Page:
Investigating the relationship between false memory formation and emotional response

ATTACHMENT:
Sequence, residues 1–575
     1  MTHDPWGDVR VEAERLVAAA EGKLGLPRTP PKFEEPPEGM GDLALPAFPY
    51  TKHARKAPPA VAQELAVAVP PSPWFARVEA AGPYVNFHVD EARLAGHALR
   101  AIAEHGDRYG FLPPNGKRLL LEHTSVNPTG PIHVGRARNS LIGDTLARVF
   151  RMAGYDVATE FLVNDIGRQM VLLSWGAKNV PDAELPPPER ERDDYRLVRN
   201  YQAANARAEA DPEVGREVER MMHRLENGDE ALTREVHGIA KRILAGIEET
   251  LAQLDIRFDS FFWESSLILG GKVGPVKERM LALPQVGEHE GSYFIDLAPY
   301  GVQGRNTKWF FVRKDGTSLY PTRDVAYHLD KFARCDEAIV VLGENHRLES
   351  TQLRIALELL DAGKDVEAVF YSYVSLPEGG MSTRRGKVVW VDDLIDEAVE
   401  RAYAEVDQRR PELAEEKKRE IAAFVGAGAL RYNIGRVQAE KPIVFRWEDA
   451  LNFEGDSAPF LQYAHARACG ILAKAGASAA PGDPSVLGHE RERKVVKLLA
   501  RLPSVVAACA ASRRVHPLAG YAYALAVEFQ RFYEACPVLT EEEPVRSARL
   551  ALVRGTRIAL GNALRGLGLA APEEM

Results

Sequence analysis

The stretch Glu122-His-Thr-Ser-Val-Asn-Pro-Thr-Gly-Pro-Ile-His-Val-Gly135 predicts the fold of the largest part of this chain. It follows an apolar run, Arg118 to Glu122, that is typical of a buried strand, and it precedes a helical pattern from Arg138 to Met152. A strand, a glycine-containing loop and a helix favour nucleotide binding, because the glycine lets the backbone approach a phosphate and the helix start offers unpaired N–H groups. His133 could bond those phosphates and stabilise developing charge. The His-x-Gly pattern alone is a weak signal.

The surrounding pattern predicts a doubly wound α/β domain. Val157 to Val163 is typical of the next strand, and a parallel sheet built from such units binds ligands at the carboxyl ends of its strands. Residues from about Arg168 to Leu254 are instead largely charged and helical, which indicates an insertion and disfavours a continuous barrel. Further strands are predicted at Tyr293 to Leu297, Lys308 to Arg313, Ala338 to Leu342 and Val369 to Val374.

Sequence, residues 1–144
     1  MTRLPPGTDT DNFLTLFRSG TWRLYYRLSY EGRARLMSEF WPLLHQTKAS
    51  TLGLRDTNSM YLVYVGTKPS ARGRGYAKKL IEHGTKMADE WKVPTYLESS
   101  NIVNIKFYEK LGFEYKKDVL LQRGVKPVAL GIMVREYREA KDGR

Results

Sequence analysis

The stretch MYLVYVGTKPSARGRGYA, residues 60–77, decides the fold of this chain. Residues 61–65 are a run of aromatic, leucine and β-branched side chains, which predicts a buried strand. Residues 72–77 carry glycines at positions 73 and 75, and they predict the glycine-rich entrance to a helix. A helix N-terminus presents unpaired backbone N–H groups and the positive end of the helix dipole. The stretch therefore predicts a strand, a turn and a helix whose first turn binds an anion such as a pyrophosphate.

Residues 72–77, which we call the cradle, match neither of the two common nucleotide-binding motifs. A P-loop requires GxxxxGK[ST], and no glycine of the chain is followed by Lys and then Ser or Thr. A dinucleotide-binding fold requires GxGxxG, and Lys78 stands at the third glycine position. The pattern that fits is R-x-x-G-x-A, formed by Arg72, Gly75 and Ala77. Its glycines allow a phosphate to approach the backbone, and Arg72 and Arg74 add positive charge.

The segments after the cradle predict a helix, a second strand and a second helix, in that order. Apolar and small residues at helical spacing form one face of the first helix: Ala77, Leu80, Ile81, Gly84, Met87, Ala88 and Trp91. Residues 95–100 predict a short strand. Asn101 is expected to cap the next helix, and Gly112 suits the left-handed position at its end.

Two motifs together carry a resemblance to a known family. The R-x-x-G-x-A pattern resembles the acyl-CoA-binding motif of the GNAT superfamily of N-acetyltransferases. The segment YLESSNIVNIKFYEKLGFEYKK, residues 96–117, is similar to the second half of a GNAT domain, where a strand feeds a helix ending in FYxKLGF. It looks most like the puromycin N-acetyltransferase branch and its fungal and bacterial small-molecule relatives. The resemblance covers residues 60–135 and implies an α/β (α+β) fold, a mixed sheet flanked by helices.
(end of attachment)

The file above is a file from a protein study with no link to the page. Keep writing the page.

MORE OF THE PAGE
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Previous research on the phenomenon known as “False Memory” has shown that there is a direct relationship between false memory formation and emotional response. Conclusions on the whole were derived from results of experiments that evaluated false memory prompted solely by stimuli that represented positive and negative emotions. Research for this thesis sought to further the discussion through the use of experiments that targeted, more specifically, the five basic emotions described by Power & Dalgleish (2008) as: happiness, fear, anger, disgust, and sadness. Additionally, this research tested the effects of, and/or relationships between, false memory and the basic emotions of the members of the study, to include depressed, dysphoric, and control-group individuals. In a departure from earlier studies, these experiments assessed the effects on groups across cultures-- namely Syrian and British--as well as across time. There were 204 participants in three studies, and they were divided into two groups according to their scores on the BDI II: dysphoric and non-dysphoric. There were two samples representing two different societies: Syrian and British. Additionally, in the fourth experiment, there were 41 clinically depressed patients and 20 in the control group. Four studies were conducted in which participants viewed a series of both emotional and non-emotional pictures taken from the IAPS. Participants were asked to answer a series of questions. There were two questions for each picture; one of the questions was based on actual content within the various pictures while the other was designed to elicit a confabulated response by suggesting content that was not actually present. The participants returned to the lab one week later and were asked the same questions again. The findings show that accuracy of memory is diminished, and quality of memory is impaired, in both immediate and delayed recall conditions when leading questions were used to elicit responses--the questions that suggested content not in evidence. Participants produced more false memories to the emotional pictures than they did to the non-emotional pictures, with the exception of disgust-related pictures for which they produced significantly fewer false memories. False memory manifested to a greater degree in the delayed recall condition than it did in the immediate recall condition. Cultural factors proved to have no influence on false memory formation. Correct memories from dysphoric/depressed participants were less than correct memories from their non-dysphoric/depressed counterparts. There was a significant relationship between correct memories and emotional content of the pictures. Correct memories decreased across time. The implications of the research are examined for the relationship between emotion and false memory.